WASHINGTON (AP) — Sen. Marco Rubio says a proposed immigration bill expected to be introduced this week won't offer amnesty to those who entered the U.S. illegally.
The Florida Republican, who appeared on five news shows Sunday, says "there will be consequences for having violated the laws."
Rubio's proposal would require people to pass a "rigorous background check" and pay fines and application fees to receive a permit that would allow them to "work, travel and pay taxes." After 10 years they would be able to apply for legal immigration status and an eventual path to citizenship.
Under the proposal, the applicants would not be eligible for any federal benefits such as health care.
WASHINGTON (AP) — Two of the lawmakers negotiating an immigration overhaul in Congress say a final deal is at hand but caution that the bipartisan group working on a proposal hasn't finished its work.
Democratic Sen. Chuck Schumer of New York and Republican Sen. Jeff Flake of Arizona said on Sunday that organized labor and the business leaders have reached an agreement on immigration. But they both told NBC's "Meet the Press" that the so-called Gang of Eight senators hasn't yet signed-off on final legislative language.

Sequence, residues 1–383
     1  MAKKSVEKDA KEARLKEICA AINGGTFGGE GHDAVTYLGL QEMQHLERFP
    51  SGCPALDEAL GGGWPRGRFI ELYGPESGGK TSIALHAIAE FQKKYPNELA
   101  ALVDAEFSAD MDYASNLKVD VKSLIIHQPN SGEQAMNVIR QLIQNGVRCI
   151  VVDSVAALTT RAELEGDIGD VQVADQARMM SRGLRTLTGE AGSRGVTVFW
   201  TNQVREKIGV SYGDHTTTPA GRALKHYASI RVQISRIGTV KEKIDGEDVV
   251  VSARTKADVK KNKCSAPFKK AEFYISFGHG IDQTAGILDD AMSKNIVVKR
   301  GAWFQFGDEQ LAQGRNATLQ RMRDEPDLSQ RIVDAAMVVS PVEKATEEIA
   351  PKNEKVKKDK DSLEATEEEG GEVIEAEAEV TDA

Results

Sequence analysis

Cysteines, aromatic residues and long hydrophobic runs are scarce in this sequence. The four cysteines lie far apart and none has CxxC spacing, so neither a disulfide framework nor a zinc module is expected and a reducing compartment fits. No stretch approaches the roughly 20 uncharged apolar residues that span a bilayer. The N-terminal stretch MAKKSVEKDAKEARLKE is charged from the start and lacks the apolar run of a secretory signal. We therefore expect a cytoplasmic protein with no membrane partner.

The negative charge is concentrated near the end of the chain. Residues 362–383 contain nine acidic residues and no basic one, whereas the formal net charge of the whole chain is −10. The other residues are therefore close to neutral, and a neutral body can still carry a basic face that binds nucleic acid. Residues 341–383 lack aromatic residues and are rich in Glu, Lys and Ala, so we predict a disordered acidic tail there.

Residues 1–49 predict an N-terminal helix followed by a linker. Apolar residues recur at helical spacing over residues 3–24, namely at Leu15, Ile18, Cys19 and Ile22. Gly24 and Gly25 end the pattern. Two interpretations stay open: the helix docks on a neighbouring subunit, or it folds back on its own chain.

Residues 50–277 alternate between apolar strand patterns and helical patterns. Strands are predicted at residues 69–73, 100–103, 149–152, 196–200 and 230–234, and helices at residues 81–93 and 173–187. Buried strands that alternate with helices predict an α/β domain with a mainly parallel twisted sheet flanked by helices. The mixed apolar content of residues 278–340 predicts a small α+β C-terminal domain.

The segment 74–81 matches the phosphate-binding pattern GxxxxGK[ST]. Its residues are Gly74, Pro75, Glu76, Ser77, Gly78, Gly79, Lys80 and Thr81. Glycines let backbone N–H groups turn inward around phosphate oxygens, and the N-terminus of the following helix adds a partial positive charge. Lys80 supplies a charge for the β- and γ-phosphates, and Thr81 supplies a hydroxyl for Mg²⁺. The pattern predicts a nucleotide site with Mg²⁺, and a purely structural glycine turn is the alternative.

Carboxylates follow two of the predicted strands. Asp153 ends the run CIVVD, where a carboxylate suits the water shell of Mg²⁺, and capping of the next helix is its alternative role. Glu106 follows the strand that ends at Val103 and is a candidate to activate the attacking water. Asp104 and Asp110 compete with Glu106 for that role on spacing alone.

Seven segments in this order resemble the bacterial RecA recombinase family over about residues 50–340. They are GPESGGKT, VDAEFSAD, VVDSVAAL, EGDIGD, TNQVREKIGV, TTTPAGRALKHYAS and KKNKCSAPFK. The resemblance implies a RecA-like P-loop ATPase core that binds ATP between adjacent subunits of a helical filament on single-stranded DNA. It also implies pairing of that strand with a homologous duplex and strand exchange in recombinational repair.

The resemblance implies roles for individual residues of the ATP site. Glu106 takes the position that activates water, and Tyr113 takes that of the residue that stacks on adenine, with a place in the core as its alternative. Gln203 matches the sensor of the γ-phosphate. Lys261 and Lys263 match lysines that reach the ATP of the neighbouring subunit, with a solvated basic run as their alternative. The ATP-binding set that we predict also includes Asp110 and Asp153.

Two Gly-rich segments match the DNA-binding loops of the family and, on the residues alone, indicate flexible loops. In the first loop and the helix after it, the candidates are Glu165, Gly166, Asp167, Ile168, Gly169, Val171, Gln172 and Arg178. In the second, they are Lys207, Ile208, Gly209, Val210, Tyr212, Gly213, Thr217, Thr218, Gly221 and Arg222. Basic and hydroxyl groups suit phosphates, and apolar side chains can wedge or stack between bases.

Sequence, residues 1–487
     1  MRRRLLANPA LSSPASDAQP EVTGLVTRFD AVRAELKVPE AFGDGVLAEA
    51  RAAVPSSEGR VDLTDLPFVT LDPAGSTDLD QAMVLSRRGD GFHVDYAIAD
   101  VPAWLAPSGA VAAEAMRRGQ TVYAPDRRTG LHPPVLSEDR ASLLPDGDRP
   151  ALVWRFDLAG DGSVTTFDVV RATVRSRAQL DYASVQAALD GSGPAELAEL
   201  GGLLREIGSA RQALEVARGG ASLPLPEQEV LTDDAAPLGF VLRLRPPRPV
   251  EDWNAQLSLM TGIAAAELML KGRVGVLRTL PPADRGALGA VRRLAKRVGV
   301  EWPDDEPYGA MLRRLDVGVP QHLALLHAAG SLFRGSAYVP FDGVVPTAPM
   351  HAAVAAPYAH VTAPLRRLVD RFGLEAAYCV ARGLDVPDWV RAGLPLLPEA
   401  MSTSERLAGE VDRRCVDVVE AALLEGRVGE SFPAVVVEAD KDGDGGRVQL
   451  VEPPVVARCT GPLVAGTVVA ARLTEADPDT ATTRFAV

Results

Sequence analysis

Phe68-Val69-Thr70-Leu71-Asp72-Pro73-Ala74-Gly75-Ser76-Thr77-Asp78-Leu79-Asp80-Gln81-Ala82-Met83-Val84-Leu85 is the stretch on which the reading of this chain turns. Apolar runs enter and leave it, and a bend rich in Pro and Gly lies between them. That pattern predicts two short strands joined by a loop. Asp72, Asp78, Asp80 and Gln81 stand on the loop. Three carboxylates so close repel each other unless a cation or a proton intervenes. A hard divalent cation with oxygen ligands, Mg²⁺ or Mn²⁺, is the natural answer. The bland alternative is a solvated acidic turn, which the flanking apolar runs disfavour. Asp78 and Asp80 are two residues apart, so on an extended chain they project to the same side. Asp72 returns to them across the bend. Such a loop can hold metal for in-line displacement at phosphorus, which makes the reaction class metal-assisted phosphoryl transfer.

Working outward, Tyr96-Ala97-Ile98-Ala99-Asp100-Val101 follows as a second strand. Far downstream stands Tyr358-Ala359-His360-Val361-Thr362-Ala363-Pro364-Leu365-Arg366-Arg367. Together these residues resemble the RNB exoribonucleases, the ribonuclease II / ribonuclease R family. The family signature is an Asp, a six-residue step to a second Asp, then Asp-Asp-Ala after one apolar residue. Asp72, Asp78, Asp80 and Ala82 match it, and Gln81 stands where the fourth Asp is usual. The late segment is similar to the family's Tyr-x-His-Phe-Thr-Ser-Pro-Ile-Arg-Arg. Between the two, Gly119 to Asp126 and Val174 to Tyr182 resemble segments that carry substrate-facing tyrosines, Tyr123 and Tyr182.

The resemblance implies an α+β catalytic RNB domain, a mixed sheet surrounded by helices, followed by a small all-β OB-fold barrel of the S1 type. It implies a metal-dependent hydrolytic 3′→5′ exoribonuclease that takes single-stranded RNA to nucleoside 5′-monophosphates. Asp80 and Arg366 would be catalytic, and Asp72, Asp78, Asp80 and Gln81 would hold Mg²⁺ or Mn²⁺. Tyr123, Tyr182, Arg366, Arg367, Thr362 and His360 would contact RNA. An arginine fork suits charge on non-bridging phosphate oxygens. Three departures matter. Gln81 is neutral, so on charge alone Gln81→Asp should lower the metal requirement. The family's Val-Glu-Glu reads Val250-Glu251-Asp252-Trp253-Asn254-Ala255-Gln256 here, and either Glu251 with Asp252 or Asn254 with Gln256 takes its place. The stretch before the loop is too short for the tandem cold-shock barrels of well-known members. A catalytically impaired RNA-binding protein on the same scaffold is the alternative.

Sen. Marco Rubio, a Florida Republican, is also part of the bipartisan group working on an immigration deal. After reports emerged on Saturday that the AFL-CIO and the Chamber of Commerce agreed on a deal, Rubio issued a statement calling a compromise "premature."
That draft, according to USA Today, would create a visa for the estimated 11 million illegal immigrants in the United States and allow them to become legal permanent residents within eight years.
Obama aide Denis McDonough tells ABC's "This Week" that the White House is working with a bipartisan group of senators.
GOP Sen. Marco Rubio of Florida says if such a measure was proposed, it would be "dead on arrival" in Congress.
McDonough says "let's make sure that it doesn't have to be proposed" because the White House and Congress are able to work out a deal.